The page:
PLoS Negl Trop Dis 2010 Dec 21;4(12):e923. Epub 2010 Dec 21.
Drugs for Neglected Diseases initiative (DNDi), Geneva, Switzerland.
Background: Human African trypanosomiasis (HAT), also known as sleeping sickness, is a fatal parasitic disease caused by trypanosomes. Current treatment options for HAT are scarce, toxic, no longer effective, or very difficult to administer, in particular for the advanced, fatal stage of the disease (stage 2, chronic HAT). New safe, effective and easy-to-use treatments are urgently needed. Here it is shown that fexinidazole, a 2-substituted 5-nitroimidazole rediscovered by the Drugs for Neglected Diseases initiative (DNDi) after extensive compound mining efforts of more than 700 new and existing nitroheterocycles, could be a short-course, safe and effective oral treatment curing both acute and chronic HAT and that could be implemented at the primary health care level. To complete the preclinical development and meet the regulatory requirements before initiating human trials, the anti-parasitic properties and the pharmacokinetic, metabolic and toxicological profile of fexinidazole have been assessed.
Methods And Findings: Standard in vitro and in vivo anti-parasitic activity assays were conducted to assess drug efficacy in experimental models for HAT. In parallel, a full range of preclinical pharmacology and safety studies, as required by international regulatory guidelines before initiating human studies, have been conducted. Fexinidazole is moderately active in vitro against African trypanosomes (IC₅₀ against laboratory strains and recent clinical isolates ranged between 0.16 and 0.93 µg/mL) and oral administration of fexinidazole at doses of 100 mg/kg/day for 4 days or 200 mg/kg/day for 5 days cured mice with acute and chronic infection respectively, the latter being a model for the advanced and fatal stage of the disease when parasites have disseminated into the brain. In laboratory animals, fexinidazole is well absorbed after oral administration and readily distributes throughout the body, including the brain. The absolute bioavailability of oral fexinidazole was 41% in mice, 30% in rats, and 10% in dogs. Furthermore, fexinidazole is rapidly metabolised in vivo to at least two biologically active metabolites (a sulfoxide and a sulfone derivative) that likely account for a significant portion of the therapeutic effect. Key pharmacokinetic parameter after oral absorption in mice for fexinidazole and its sulfoxide and sulfone metabolites are a C(max) of 500, 14171 and 13651 ng/mL respectively, and an AUC₀₋₂₄ of 424, 45031 and 96286 h.ng/mL respectively. Essentially similar PK profiles were observed in rats and dogs. Toxicology studies (including safety pharmacology and 4-weeks repeated-dose toxicokinetics in rat and dog) have shown that fexinidazole is well tolerated. The No Observed Adverse Event Levels in the 4-weeks repeated dose toxicity studies in rats and dogs was 200 mg/kg/day in both species, with no issues of concern identified for doses up to 800 mg/kg/day. While fexinidazole, like many nitroheterocycles, is mutagenic in the Ames test due to bacterial specific metabolism, it is not genotoxic to mammalian cells in vitro or in vivo as assessed in an in vitro micronucleus test on human lymphocytes, an in vivo mouse bone marrow micronucleus test, and an ex vivo unscheduled DNA synthesis test in rats.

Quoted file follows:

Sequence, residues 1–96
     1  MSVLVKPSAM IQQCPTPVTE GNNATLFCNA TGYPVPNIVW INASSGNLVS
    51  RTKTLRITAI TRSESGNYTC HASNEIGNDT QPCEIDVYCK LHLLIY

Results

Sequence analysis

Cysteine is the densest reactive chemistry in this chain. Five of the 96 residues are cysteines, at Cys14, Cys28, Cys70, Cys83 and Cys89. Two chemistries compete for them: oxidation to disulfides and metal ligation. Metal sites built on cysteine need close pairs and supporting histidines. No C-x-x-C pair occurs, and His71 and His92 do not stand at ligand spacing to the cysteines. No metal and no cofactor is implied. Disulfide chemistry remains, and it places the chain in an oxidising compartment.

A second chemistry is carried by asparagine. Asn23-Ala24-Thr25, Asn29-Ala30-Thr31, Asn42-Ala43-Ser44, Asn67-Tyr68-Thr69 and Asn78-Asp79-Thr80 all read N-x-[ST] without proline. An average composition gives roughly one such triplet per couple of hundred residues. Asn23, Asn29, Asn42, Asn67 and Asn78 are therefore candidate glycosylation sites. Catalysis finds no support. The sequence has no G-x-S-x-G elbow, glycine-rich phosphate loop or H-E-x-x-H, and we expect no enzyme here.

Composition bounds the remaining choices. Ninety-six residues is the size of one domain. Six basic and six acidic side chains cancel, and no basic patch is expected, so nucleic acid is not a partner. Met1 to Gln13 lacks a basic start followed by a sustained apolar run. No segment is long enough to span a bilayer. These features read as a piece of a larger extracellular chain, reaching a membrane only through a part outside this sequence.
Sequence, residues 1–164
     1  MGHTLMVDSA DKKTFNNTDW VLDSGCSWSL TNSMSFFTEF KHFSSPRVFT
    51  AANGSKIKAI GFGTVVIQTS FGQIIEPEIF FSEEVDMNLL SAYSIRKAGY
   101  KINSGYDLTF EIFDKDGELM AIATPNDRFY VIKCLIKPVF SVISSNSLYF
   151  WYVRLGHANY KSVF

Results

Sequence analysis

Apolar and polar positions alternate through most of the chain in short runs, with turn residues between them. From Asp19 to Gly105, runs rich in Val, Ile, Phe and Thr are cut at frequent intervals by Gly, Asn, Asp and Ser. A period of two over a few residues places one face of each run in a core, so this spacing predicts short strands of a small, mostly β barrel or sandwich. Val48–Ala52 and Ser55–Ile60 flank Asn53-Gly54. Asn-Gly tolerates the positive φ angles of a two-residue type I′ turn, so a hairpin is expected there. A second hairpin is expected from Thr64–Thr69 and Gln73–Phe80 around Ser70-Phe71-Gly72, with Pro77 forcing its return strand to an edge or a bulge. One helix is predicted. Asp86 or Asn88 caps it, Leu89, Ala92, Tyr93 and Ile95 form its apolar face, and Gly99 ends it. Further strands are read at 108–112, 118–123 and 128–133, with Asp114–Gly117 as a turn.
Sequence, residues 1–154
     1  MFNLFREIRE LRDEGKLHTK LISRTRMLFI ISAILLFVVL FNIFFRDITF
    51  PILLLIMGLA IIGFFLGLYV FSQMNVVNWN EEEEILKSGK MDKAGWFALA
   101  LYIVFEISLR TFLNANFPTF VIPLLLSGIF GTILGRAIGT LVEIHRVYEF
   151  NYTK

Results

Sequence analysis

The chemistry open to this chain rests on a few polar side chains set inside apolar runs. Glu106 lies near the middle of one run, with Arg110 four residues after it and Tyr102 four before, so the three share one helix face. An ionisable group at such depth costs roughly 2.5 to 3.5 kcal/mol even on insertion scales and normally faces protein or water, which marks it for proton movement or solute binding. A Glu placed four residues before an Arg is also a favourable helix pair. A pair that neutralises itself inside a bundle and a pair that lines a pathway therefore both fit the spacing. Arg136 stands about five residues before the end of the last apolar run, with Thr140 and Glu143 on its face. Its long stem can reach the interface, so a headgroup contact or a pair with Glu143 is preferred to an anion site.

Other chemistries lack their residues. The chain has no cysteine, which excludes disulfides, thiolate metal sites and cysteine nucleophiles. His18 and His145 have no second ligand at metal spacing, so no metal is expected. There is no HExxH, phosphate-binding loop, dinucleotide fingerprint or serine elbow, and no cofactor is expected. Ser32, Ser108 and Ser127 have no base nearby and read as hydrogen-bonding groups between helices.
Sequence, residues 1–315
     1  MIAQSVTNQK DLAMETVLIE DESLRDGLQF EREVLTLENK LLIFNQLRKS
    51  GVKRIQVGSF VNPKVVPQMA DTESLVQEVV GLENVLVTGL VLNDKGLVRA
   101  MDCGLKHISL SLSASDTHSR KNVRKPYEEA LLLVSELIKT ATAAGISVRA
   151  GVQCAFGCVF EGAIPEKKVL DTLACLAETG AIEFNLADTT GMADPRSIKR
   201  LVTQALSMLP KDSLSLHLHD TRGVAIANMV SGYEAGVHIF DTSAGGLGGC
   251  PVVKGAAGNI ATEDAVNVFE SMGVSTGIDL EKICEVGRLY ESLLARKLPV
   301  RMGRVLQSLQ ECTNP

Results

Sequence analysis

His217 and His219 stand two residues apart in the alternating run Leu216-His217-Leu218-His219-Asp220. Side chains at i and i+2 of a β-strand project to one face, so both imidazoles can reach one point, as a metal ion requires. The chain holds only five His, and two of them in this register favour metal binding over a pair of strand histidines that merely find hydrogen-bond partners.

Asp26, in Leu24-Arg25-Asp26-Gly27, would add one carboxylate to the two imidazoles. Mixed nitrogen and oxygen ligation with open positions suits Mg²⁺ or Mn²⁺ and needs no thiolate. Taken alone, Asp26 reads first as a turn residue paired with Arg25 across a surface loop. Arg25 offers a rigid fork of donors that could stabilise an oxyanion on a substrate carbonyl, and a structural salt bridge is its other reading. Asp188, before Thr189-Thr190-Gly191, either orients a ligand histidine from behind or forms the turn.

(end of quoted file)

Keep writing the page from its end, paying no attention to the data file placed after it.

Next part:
Conclusions: The results of the preclinical pharmacological and safety studies indicate that fexinidazole is a safe and effective oral drug candidate with no untoward effects that would preclude evaluation in man. The drug has entered first-in-human phase I studies in September 2009. Fexinidazole is the first new clinical drug candidate with the potential for treating advanced-stage sleeping sickness in thirty years.